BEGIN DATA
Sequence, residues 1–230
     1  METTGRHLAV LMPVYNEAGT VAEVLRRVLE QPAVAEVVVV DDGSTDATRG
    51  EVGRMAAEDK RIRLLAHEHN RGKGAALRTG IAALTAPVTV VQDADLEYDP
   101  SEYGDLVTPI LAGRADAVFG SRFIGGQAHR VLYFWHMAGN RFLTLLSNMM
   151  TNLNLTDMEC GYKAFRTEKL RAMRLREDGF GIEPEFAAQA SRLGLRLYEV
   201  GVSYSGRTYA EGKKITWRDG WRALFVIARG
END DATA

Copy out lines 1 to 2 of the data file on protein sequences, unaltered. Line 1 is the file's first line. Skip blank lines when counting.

Sequence, residues 1–230
     1  METTGRHLAV LMPVYNEAGT VAEVLRRVLE QPAVAEVVVV DDGSTDATRG